Man, sometimes don’t you wish you could go back in time and change something in your life — even your financial life? Sometimes I wish I could go back to that time right after high school graduation and rethink some of the financial decisions I made.
While none of them have been detrimental to my current financial well-being, I always wonder if I could have been better off had I followed the advice I now give. (But then, if I hadn’t learned these lessons, I wouldn’t be where I am today either — catch-22 anyone?)
Whatever the case, here are four things I really wish I knew at 18!
1. That Retirement Thing
I worked all the way through high school and college, and now that I fully understand what a Roth IRA is, I wish I had started one way back then.
It would have been awesome to witness the power of compounding over the last few years from the money I could have invested in high school and college.
I mean, what was I really spending my money on then anyway? Usually beer and video games. It would have been so much more productive to invest that cash!
Second, my first job in college offered a 401(k) with an employer match. I didn’t want to give up 5% of my paycheck at that point — but what I realize now is that I was really leaving an additional 5% on the table by not taking that match!
Lesson learned: Don’t give up free money, save for retirement, and enjoy the power of compounding.
2. Don’t Buy That Car!
Since I was working full-time during school, I always had more money than my friends. My cocky self thought it would be a great idea to buy a new car.
Really, my old beat-up truck served its purpose well, but I really wanted something new. I ended up shelling out over $13,000 (after selling my truck) for this car.
And you know what? Nobody cared about the car. After about two weeks of driving the car, I didn’t even care I had the car. Plus, over time, I think I ended up sinking more money into repairing this new car than I ever put into my old truck.
Lesson learned: Don’t go buy a new car unless you really need a new car. Cars are just liabilities, and you want to limit your liabilities.
3. Stay Away from Day Trading!
After taking a few finance and investing classes in college, and interning at a brokerage company, I thought I was an investment pro. Little did I know, I wasn’t!
I learned this strategy for picking stocks based on technical analysis, and running them through a spreadsheet. I thought it was a foolproof system.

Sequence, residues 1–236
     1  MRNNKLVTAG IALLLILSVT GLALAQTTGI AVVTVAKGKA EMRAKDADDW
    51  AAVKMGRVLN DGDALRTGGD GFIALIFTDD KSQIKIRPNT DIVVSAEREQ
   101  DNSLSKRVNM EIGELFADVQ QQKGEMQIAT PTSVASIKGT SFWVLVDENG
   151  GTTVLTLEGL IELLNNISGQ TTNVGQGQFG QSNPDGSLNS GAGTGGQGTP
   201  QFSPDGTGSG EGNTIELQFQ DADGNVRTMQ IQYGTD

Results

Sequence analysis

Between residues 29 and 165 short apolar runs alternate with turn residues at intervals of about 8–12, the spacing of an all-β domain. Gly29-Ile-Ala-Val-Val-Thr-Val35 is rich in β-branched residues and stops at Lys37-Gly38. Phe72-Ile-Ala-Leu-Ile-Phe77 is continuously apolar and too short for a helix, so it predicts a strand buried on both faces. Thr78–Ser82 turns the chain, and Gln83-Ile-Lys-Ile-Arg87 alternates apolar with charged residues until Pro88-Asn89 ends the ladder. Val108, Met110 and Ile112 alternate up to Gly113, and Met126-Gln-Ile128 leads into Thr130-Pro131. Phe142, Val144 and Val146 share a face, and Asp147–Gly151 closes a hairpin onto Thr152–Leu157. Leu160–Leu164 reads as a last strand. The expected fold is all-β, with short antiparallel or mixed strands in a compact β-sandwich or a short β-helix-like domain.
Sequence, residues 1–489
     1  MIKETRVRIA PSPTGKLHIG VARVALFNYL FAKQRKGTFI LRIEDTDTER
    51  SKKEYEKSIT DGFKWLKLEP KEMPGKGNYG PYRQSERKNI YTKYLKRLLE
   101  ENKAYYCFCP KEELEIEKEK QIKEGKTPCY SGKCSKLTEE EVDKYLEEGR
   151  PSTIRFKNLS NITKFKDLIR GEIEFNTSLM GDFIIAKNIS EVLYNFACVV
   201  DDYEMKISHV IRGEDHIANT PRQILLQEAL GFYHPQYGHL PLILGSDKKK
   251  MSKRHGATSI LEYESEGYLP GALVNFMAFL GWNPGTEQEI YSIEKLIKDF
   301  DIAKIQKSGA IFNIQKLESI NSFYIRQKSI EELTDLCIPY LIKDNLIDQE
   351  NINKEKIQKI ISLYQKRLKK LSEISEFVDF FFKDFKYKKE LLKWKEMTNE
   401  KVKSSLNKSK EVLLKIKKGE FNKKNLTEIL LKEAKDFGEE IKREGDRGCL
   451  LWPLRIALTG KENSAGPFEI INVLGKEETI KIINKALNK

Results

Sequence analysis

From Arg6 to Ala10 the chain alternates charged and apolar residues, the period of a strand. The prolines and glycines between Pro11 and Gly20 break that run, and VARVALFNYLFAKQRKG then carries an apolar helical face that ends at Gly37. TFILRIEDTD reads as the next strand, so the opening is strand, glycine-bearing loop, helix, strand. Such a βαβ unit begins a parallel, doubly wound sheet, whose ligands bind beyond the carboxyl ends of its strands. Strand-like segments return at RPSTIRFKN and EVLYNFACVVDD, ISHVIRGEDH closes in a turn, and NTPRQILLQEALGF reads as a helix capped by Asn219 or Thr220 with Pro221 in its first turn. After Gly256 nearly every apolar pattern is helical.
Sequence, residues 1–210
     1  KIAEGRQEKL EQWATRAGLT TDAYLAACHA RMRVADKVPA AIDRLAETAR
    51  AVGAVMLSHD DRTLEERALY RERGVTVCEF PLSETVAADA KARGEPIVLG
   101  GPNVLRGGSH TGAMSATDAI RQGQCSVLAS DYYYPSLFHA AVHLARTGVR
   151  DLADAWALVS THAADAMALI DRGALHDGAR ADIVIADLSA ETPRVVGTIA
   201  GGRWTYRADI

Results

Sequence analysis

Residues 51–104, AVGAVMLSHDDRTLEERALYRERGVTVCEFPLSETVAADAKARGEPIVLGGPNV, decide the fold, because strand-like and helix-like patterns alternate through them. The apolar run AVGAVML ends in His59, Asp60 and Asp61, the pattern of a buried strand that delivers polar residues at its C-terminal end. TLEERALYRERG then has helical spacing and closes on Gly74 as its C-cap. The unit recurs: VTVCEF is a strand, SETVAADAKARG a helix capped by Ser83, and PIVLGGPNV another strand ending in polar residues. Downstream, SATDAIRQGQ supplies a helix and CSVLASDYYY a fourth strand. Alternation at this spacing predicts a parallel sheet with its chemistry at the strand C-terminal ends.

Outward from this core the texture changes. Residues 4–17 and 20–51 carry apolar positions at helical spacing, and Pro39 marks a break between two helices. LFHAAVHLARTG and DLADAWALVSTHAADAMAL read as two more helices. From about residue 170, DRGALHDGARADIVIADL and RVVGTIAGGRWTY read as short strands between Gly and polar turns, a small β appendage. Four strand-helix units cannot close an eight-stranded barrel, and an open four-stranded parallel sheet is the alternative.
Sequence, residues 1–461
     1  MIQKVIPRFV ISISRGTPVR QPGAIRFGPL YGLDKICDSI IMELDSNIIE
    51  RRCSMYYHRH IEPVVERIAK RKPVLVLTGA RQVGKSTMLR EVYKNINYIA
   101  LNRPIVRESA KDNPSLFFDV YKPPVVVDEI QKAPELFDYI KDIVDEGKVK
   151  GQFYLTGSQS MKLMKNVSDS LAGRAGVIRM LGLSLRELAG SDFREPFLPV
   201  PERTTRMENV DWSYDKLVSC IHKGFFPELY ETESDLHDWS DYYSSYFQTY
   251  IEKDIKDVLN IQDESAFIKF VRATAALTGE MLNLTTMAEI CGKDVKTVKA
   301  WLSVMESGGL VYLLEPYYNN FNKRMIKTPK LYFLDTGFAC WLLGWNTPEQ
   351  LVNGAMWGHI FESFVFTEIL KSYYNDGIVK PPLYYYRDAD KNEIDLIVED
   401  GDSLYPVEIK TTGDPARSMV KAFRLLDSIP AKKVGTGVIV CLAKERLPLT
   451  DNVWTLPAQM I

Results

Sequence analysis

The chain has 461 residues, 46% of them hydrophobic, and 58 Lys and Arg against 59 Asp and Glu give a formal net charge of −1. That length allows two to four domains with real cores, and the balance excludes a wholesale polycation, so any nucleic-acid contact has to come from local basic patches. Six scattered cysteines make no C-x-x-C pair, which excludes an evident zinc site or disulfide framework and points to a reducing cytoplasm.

Well, once I put my first $2,000 into my account and started trading, I started racking up losses. In about three months, I’d lost all that money. It was an expensive lesson.
Lesson learned: Don’t day trade, actually invest in companies for their fundamental earnings potential.
4. Saving Is Not Just “Not Spending”
Finally, I always thought of myself as saving if I just didn’t spend all my money every month. And while, yes, technically, I had “saved” something, it was really just because I hadn’t spent the money.
All the money did was sit in my checking account until I needed it — for buying a car I didn’t need or day trading.
Lesson learned: Actually save each month, and designate a savings account with a set amount.
Readers, what financial lessons do you wish you knew at 18? I’d love to hear your thoughts!
Robert Farrington is America’s Millennial Money Expert® and America’s Student Loan Debt Expert™, and the founder of The College Investor, a personal finance site dedicated to helping millennials escape student loan debt to start investing and building wealth for the future. You can learn more about him on the About Page, or on his personal site RobertFarrington.com.
He regularly writes about investing, student loan debt, and general personal finance topics geared towards anyone wanting to earn more, get out of debt, and start building wealth for the future.
He has been quoted in major publications including the New York Times, Washington Post, Fox, ABC, NBC, and more. He is also a regular contributor to Forbes.